Construction of Thai-Chinese high-speed rail to start fully next year: Thai official
2 June 2018
The construction of a Thai-Chinese high-speed rail between Bangkok and Nakhon Ratchasima in northeastern Thailand is expected to get fully started early next year, following biddings later this year, said Transport Minister Arkhom Termpittayapaisith on Friday.
Arkhom, who co-chaired the 24th meeting of the Joint Committee on Thailand-China Cooperation on Rail Project with Ning Jizhe, deputy head of China’s National Development and Reform Commission, said the construction of the main sections of the first phase of the high-speed rail from Bangkok to northeastern province of Nakhon Ratchasima will start in March next year.
The entire 253-km route between Bangkok and Nakhon Ratchasima is divided into 14 sections, two of which are considered minor sections located in the northeastern province, including an initial 3.5-km-long section currently under construction between Klang Dong and Pang Asok stations, which started late last year.
Of the 12 main sections, six sections will be open to biddings in September this year, followed by the construction scheduled to begin in March next year, whereas the other six sections will be open to biddings in November this year, followed by the construction to begin in April next year, according to the transport minister.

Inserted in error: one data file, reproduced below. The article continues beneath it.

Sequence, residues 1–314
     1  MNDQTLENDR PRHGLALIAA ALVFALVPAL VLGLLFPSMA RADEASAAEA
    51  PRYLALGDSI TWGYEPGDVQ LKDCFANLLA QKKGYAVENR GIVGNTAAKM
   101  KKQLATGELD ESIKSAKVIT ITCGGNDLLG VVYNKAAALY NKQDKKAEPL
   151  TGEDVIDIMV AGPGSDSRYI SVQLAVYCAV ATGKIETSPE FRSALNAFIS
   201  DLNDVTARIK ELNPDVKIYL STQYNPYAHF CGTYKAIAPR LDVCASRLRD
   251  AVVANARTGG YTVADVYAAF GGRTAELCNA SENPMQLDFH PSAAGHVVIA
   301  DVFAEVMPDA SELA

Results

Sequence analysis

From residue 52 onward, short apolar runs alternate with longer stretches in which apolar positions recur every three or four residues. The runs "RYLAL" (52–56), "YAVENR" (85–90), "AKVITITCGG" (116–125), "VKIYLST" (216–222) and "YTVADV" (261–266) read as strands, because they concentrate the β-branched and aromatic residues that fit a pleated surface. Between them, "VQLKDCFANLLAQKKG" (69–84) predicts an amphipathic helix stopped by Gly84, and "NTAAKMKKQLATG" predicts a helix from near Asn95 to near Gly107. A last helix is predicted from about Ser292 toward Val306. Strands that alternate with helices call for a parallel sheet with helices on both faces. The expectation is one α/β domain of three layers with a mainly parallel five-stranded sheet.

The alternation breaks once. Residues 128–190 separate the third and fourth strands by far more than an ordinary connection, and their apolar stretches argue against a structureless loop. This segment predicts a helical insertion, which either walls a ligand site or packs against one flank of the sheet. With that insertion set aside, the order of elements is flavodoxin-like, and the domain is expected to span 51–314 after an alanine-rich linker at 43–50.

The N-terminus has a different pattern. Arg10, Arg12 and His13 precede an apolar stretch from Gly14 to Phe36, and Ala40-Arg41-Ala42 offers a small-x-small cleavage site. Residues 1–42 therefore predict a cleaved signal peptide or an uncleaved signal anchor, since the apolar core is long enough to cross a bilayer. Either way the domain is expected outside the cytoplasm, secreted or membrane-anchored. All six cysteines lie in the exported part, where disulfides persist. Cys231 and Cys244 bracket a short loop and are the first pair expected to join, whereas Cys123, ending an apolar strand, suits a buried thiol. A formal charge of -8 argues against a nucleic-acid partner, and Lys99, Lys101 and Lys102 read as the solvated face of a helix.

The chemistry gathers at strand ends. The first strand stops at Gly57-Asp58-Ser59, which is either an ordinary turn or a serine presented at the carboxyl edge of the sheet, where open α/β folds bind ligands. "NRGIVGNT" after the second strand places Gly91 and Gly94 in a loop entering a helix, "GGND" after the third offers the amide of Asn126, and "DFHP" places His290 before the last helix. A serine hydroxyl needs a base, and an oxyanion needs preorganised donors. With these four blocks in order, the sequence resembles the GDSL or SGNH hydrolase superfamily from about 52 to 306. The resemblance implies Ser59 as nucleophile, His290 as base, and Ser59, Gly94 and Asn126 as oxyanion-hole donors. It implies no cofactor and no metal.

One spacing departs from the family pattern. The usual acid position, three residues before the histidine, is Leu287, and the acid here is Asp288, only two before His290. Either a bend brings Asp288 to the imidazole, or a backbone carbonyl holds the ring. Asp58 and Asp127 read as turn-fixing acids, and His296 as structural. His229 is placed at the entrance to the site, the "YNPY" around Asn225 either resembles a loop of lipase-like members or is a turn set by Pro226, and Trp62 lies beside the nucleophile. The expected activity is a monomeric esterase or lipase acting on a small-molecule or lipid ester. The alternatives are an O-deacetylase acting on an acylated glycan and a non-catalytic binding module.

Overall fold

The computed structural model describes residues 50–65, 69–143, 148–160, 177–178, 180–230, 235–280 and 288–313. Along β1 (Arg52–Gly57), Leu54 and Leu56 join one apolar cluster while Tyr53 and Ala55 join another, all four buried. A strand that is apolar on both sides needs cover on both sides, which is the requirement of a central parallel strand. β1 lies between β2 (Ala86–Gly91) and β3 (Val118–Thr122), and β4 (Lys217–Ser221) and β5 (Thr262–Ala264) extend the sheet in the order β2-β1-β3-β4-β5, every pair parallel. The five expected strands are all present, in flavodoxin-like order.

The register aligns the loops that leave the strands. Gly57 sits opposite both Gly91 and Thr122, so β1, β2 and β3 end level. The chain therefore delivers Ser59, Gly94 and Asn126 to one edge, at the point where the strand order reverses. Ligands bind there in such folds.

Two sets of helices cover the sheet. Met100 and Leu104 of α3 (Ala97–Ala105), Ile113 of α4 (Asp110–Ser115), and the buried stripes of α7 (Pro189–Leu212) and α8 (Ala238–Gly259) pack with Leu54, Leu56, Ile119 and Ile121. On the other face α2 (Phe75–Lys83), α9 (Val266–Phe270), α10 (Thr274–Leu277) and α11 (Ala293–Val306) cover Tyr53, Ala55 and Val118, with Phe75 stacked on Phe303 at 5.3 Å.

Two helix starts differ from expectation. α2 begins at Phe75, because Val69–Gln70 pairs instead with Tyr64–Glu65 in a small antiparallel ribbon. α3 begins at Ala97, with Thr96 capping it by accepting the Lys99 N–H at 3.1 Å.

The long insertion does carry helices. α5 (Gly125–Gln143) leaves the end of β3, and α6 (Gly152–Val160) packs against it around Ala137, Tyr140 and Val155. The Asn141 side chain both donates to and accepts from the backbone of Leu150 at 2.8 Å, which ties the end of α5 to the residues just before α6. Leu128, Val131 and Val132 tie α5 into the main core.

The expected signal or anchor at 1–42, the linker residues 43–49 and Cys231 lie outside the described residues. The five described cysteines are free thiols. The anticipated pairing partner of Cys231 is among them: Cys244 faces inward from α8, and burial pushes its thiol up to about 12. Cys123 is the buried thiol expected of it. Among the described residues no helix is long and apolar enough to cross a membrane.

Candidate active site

Meanwhile, the 350-km high-speed rail between Nakhon Ratchasima and Nong Khai, which is facing the Lao capital Vientiane across Mekong River, will be implemented by Thailand with China acting as consultants in terms of feasibility study and design, Arkhom said.
The feasibility study and design are scheduled to be finished within this year so that the construction will begin next year, the minister noted, adding that they will work hard to make both phases, or the whole high-speed rail from Bangkok to Nong Khai, operational at the same time.
Another bridge across Mekong River will be built to accommodate the high-speed railway, which is designed to link southern China with Thailand through Laos.